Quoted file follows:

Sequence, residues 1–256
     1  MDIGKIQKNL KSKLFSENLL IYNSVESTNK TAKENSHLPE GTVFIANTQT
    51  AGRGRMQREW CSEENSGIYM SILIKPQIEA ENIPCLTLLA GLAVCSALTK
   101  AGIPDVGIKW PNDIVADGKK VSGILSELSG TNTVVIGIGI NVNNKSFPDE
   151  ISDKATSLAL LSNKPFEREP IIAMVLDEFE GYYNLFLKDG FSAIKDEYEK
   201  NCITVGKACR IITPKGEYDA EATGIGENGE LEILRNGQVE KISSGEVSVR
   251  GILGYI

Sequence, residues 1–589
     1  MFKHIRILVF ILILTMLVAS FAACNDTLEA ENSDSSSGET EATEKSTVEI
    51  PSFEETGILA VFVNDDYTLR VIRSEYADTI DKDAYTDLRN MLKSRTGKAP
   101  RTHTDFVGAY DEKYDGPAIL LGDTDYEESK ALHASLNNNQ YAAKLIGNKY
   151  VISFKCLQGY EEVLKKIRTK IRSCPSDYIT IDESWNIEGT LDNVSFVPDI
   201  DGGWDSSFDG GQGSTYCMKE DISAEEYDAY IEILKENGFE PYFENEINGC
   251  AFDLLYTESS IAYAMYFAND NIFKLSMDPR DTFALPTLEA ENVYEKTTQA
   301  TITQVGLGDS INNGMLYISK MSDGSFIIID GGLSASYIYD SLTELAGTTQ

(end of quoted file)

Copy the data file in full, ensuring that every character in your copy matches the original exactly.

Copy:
Sequence, residues 1–256
     1  MDIGKIQKNL KSKLFSENLL IYNSVESTNK TAKENSHLPE GTVFIANTQT
    51  AGRGRMQREW CSEENSGIYM SILIKPQIEA ENIPCLTLLA GLAVCSALTK
   101  AGIPDVGIKW PNDIVADGKK VSGILSELSG TNTVVIGIGI NVNNKSFPDE
   151  ISDKATSLAL LSNKPFEREP IIAMVLDEFE GYYNLFLKDG FSAIKDEYEK
   201  NCITVGKACR IITPKGEYDA EATGIGENGE LEILRNGQVE KISSGEVSVR
   251  GILGYI

Sequence, residues 1–589
     1  MFKHIRILVF ILILTMLVAS FAACNDTLEA ENSDSSSGET EATEKSTVEI
    51  PSFEETGILA VFVNDDYTLR VIRSEYADTI DKDAYTDLRN MLKSRTGKAP
   101  RTHTDFVGAY DEKYDGPAIL LGDTDYEESK ALHASLNNNQ YAAKLIGNKY
   151  VISFKCLQGY EEVLKKIRTK IRSCPSDYIT IDESWNIEGT LDNVSFVPDI
   201  DGGWDSSFDG GQGSTYCMKE DISAEEYDAY IEILKENGFE PYFENEINGC
   251  AFDLLYTESS IAYAMYFAND NIFKLSMDPR DTFALPTLEA ENVYEKTTQA
   301  TITQVGLGDS INNGMLYISK MSDGSFIIID GGLSASYIYD SLTELAGTTQ